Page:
December 26, 1891 The Waverly Free Press: S. H. Ellis has recently invented and perfected an adjustable table for easels, which is applicable to those that have straight or beveled standards. It is the neatest thing of its class, we have seen. (In 1891 also invented "certain new and useful improvements in Bicycles" "new and useful improvements in attachments for bicycle forks and frames for destroying the vibrations of the wheels and axles" Patented Jan. 26, 1892.)

January 1892 The Waverly Free Press: Some of the "oldest-inhabitants, " have been figuring up how long some shaved pine shingles have been on some of the roofs re-shingled in this place the past month, and it was decided that one roof was put on about forty-five, and the other fifty years ago. They were worn through, but not rotten, as most roofs are.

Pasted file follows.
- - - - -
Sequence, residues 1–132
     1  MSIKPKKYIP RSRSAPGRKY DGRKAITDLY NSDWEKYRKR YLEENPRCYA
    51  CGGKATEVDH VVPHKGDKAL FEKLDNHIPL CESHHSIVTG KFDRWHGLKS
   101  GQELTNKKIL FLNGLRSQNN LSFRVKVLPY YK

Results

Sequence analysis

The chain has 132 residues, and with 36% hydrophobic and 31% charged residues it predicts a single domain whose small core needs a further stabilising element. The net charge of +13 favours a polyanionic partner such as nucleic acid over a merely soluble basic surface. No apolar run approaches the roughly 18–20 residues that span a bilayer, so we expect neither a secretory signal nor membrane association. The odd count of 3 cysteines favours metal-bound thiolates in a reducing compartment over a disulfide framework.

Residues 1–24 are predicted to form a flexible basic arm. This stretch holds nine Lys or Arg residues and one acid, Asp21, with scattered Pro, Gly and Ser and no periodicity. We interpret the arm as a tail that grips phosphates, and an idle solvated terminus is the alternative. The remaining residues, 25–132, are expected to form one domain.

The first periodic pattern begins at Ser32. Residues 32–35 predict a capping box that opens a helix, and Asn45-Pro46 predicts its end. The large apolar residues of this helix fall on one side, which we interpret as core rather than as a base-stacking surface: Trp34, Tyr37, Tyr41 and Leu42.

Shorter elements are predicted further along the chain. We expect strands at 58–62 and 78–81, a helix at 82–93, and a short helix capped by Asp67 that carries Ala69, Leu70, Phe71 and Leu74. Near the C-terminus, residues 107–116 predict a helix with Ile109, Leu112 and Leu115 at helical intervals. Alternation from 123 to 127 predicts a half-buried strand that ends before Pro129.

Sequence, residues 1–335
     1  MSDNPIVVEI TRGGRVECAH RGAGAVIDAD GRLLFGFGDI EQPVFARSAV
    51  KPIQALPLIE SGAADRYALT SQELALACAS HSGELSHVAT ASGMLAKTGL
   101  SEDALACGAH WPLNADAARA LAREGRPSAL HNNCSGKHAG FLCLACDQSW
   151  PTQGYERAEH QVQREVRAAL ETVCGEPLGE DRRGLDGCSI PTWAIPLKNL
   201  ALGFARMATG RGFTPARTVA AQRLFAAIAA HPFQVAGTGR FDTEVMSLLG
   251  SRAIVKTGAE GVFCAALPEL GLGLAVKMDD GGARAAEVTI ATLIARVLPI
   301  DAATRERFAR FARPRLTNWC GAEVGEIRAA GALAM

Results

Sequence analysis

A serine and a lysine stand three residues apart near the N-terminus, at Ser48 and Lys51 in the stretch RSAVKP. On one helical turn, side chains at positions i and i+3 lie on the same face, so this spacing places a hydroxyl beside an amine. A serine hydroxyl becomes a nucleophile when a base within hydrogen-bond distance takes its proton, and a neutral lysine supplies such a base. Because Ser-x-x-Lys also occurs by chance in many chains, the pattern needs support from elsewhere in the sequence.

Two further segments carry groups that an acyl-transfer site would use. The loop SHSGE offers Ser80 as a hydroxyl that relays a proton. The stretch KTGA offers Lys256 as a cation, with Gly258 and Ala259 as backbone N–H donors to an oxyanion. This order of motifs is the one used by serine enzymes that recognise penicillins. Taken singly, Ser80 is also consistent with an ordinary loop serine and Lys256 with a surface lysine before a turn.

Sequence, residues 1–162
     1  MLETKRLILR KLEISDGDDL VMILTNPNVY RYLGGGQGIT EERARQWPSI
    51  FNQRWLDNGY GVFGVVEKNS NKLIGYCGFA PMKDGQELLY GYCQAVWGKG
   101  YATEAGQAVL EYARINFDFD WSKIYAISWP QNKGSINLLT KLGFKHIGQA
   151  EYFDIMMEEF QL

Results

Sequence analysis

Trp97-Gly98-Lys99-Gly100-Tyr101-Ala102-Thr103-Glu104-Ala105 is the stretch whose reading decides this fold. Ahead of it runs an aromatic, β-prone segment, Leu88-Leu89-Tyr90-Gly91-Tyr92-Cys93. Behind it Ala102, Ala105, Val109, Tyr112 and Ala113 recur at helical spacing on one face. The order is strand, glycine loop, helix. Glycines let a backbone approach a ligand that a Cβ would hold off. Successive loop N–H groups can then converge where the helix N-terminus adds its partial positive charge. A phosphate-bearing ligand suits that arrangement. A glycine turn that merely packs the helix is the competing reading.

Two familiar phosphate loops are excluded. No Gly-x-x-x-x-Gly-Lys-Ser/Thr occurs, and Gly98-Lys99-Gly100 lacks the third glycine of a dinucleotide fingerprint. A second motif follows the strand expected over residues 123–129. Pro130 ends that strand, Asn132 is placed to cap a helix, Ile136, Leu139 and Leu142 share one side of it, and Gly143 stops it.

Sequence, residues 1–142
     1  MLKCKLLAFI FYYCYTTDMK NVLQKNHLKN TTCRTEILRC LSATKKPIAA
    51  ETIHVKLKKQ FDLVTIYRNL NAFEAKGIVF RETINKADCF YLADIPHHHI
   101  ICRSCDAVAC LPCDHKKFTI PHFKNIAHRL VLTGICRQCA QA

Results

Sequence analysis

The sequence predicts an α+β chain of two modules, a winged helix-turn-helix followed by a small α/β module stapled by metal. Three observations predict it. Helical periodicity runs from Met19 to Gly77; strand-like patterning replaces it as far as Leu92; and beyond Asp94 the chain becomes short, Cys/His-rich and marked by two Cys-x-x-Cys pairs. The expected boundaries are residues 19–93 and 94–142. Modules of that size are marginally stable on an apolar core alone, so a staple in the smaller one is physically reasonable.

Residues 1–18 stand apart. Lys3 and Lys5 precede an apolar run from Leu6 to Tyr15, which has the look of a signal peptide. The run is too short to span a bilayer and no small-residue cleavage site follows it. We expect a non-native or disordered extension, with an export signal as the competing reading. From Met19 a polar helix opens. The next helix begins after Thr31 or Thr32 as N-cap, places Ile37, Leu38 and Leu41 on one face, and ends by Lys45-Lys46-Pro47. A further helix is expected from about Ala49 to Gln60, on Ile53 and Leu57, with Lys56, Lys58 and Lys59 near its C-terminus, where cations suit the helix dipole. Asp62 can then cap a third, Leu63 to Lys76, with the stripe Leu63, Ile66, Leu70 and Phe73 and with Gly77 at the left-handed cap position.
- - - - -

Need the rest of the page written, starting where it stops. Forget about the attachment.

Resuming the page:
April 2, 1892 Waverly Free Press: Mrs. Helen M. Bullock, of Elmira, delivered a very interesting address to a large audience at the Methodist church parlors last Sunday afternoon. Mrs. Bullock spoke in the interests of the "Anchorage" of Elmira, a home for erring and fallen women. The field of that institution has been widened by a law permitted justices in Tioga, Broome and some other counties to committ girls to the care of the "Anchorage." This act will cause interest in that noble work to increase, and it will doubtless be supported in the manner it deserves. After the address, Miss Clemmie Sheldon sang "The ninety and nine" in a very effective manner, after which a generous collection was taken, amounting to sixty dollars. Others who may wish to contribute to this noble cause may leave their contributions with Mrs. Emma C. Woodruff, Athens street. (Mrs. Woodruff was at 7 Athens street at one time.)